Truthfully speaking, the lectures were well-thought out and presented, and introduced us to the complexity of the DDx - ‘differential diagnosis’. In addition, it presented us with a tangible example of what the “finished product” of a fine medical education should look like – the elegance and poise that comes from the dedication to detail, with a resultant display of ‘Excellence, Honour, and Compassion’ in caring for any patient

Students who have had the chance to visit the 1st affiliated hospital for “Doctor-shadowing” during the last summer and winter holidays can attest to their familiarity with these two alumnae; and for the rest of the students, it was a wonderful chance for them to become acquainted with both the Dean and Vice-Dean of surgery at the hospital. Similarly, the doctors were enthusiastic about the response shown by the students in attendance and have agreed to work with the students towards broadening the scope of subsequent lectures by entrenching a ‘lecture series’ as a staple of the semester’s calendar.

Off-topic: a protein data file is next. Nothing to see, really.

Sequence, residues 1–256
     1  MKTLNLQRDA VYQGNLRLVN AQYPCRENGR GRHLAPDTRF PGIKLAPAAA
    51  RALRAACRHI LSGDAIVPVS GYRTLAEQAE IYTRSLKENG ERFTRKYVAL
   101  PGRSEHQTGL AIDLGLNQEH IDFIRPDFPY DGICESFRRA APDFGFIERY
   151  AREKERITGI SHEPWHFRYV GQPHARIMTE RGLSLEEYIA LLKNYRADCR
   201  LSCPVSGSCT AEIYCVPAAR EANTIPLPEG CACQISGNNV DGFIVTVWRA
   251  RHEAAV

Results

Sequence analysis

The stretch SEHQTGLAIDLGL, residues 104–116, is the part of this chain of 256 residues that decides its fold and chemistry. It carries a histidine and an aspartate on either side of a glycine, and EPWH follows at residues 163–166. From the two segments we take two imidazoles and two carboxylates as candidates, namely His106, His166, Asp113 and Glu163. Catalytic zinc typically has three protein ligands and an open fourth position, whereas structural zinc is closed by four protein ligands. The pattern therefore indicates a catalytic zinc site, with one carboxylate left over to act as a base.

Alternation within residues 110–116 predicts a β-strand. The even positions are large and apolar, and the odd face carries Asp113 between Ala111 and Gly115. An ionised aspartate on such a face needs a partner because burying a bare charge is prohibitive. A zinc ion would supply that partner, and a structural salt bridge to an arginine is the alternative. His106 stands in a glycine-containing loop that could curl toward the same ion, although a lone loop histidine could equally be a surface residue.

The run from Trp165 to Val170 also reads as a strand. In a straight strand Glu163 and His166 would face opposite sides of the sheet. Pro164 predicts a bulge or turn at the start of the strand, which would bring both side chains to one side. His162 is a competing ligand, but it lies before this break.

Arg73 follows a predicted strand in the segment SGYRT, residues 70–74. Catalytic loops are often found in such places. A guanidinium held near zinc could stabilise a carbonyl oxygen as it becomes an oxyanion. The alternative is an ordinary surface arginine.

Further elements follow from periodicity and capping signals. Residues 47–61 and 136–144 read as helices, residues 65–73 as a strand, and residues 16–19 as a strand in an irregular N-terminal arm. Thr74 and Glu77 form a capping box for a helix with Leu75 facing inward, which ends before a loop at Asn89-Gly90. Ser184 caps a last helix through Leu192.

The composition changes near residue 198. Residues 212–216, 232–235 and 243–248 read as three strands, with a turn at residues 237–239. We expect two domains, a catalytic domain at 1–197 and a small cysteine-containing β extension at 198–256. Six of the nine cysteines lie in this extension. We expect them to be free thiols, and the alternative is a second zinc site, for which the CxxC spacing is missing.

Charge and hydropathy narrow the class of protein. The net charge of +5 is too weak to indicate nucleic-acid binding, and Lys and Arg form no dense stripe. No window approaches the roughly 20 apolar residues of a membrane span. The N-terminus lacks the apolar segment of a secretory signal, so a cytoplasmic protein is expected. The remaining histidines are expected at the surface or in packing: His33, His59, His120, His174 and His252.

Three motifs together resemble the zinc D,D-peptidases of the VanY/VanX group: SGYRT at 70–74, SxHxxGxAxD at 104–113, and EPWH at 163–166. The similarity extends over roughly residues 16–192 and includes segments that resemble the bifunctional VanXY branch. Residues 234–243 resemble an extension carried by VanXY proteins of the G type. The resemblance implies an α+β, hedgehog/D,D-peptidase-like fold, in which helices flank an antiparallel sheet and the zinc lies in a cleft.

(An immediate fruit of this was the invitation extended to all students to attend the surgical demonstration by Ohio State University’s Bradley J. Needleman, MD. this past Sunday - May 16th 2010 - at the 1st Affiliated Hospital’s Medical Center)

.......A heartfelt vote of thanks goes out to the doctors of WMC for availing themselves to remind us why we are proud to be part of the WMC family. (Also deserving noteworthy mention are Navin Chutturghoon and Mohamed AlHalwachi, two students whose antecedent efforts paved the way for the rapport between the perennially busy doctors and the underclassmen).